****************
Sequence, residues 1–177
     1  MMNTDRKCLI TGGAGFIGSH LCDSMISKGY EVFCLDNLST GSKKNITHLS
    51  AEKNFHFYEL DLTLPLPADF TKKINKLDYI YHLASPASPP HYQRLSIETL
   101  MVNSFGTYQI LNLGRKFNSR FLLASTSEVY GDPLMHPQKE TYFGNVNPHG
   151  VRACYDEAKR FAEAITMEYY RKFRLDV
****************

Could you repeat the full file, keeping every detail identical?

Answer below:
Sequence, residues 1–177
     1  MMNTDRKCLI TGGAGFIGSH LCDSMISKGY EVFCLDNLST GSKKNITHLS
    51  AEKNFHFYEL DLTLPLPADF TKKINKLDYI YHLASPASPP HYQRLSIETL
   101  MVNSFGTYQI LNLGRKFNSR FLLASTSEVY GDPLMHPQKE TYFGNVNPHG
   151  VRACYDEAKR FAEAITMEYY RKFRLDV